A strained or pulled chest muscle may cause a sharp pain in your chest. A muscle strain or pull happens when your muscle is stretched or torn.
Up to 49 percent of chest pain comes from what’s called intercostal muscle strain. There are three layers of intercostal muscles in your chest. These muscles are responsible for helping you breathe and for stabilizing your upper body.
Classic symptoms of strain in the chest muscle include:
- pain, which may be sharp (an acute pull) or dull (a chronic strain)
- muscle spasms
- difficulty moving the affected area
- pain while breathing
Seek medical attention if your pain happens suddenly while you’re engaged in strenuous exercise or activity.
Go to the emergency room or call your local emergency services if your pain is accompanied by:
- racing pulse
- difficulty breathing
These are signs of more serious issues, like heart attack.
Chest wall pain that is caused by a strained or pulled muscle often happens as a result of overuse. You may have lifted something heavy or injured yourself playing sports. For example, gymnastics, rowing, tennis, and golf all involve repetitive motion and may cause chronic strains.
Other activities that may cause strain are:
- reaching your arms above your head for long periods of time
- contact injuries from sports, car accidents, or other situations
- lifting while twisting your body
- skipping warm-ups before activity
- poor flexibility or athletic conditioning
- muscle fatigue
- injury from malfunctioning equipment (broken weight machine, for example)
Anyone can experience chest muscle strain:
- Older individuals are at higher risk of experiencing chest wall injuries from falls.
- Adults may be more likely to develop chest pulls or injuries as a result of car accidents or athletic activities.
- Children are the lowest risk group for chest muscle injuries.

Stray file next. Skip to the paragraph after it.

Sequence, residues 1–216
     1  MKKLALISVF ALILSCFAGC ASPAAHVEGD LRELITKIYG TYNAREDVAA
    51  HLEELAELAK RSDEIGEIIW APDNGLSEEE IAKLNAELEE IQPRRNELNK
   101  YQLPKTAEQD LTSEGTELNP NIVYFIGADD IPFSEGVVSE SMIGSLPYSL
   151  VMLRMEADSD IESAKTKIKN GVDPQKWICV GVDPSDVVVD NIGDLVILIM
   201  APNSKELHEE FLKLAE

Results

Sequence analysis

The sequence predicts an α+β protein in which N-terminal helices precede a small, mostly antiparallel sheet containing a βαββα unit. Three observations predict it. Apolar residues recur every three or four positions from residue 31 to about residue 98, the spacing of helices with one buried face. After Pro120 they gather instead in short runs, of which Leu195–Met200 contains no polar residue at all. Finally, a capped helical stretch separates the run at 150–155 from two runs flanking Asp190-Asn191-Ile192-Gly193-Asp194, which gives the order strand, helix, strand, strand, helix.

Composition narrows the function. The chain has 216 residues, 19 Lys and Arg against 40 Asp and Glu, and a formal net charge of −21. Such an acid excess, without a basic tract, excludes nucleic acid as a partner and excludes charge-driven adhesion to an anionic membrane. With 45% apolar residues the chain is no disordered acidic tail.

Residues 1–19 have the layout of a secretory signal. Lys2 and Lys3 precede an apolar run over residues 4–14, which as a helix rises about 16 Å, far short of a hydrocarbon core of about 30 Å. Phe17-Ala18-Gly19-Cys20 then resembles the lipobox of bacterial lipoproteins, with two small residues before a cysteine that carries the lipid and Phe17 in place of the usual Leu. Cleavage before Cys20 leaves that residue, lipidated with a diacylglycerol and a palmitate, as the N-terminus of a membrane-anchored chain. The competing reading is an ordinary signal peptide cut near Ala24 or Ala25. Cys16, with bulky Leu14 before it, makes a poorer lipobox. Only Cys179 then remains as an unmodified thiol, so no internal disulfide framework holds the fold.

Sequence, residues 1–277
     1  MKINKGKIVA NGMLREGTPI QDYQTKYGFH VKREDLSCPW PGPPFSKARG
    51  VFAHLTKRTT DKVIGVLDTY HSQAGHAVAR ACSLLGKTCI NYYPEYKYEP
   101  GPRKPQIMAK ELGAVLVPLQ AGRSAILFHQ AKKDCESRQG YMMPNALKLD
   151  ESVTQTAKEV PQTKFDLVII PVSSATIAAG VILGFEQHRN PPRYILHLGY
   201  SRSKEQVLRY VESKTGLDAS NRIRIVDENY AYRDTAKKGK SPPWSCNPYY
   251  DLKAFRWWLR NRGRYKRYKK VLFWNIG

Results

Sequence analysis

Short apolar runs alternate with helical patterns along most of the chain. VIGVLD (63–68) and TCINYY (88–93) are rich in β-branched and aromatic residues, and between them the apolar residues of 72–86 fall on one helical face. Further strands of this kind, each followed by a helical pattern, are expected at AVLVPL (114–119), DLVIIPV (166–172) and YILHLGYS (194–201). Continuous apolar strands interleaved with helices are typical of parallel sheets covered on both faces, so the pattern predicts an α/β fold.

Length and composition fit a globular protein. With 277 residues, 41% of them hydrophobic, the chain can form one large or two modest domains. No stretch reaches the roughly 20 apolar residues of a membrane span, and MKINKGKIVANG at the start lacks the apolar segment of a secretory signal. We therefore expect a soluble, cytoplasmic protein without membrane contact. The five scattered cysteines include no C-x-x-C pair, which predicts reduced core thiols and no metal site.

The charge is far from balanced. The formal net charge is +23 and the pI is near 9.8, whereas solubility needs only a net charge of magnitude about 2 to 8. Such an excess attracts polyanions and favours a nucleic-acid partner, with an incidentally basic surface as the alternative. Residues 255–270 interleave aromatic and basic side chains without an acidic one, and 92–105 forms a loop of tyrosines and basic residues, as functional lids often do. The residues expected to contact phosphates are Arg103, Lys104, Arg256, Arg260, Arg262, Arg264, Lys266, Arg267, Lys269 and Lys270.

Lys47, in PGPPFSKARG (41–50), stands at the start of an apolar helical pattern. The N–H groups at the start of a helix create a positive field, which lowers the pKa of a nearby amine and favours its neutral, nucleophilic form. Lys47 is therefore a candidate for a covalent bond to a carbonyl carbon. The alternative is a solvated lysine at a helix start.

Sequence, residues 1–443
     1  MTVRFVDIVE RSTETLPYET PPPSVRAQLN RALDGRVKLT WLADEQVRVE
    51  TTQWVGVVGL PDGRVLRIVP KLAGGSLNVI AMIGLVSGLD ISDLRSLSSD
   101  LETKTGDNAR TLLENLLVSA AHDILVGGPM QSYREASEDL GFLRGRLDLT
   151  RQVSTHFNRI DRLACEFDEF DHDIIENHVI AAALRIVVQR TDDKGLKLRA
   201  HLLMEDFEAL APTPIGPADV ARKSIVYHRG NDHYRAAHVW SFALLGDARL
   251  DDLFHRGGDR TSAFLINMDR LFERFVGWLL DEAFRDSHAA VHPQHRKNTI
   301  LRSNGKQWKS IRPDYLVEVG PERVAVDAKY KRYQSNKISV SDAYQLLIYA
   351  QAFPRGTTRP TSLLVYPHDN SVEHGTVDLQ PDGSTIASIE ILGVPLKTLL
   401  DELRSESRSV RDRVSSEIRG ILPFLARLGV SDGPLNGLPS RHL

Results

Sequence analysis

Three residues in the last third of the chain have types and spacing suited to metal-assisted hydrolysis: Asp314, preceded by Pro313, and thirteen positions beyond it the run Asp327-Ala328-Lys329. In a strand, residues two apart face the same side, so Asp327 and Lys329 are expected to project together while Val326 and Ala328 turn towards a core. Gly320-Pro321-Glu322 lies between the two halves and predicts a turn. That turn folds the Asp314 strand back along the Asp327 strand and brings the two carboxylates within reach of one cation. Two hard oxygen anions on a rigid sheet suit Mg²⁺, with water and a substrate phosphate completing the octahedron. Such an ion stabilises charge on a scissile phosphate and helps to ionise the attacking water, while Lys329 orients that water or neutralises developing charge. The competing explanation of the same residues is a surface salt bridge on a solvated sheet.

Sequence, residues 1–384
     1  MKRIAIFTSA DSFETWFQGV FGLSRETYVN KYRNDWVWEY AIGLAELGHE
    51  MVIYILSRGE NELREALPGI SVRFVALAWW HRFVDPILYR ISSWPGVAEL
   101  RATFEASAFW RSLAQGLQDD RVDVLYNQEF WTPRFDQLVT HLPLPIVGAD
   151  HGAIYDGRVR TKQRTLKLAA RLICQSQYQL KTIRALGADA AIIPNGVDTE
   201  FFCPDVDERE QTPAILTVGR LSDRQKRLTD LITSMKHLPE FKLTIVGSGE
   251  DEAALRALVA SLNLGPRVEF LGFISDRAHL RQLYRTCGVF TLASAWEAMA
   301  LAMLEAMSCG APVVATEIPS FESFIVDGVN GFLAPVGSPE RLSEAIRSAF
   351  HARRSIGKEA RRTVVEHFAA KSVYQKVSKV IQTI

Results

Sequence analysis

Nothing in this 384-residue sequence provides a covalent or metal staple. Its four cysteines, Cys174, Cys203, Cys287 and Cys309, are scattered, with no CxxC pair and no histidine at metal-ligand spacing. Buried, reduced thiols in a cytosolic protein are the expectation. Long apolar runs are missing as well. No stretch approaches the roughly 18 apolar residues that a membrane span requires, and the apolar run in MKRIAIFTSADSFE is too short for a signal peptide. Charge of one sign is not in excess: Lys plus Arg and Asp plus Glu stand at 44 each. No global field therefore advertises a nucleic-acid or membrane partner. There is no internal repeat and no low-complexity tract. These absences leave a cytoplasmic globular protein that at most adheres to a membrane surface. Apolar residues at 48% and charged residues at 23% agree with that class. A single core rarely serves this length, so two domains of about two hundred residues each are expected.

If you’re concerned about your chest pain, or unsure if it’s a pulled muscle or something else, talk to your doctor. Your doctor will ask you about your symptoms, your health history, and any activities that may have contributed to your pain.
Muscle strain is categorized as either acute or chronic:
- Acute strains result from injuries sustained immediately after direct trauma, such as a fall or car accident.
- Chronic strains result from longer-term activities, like repetitive motions used in sports or certain job tasks.
From there, strains are graded according to severity:
- Grade 1 describes mild damage to less than five percent of muscle fibers.
- Grade 2 indicates more damage: the muscle isn’t fully ruptured, but there is a loss of strength and mobility.
- Grade 3 describes a complete muscle rupture, which sometimes requires surgery.
In some cases, your doctor may order tests to rule out heart attack, bone fractures, and other issues. Tests may include:
Other possible causes of chest pain include:
- bruising as a result of injury
- anxiety attacks
- peptic ulcers
- digestive upset, like esophageal reflux
More serious possibilities include:
- reduced flow of blood to your heart (angina)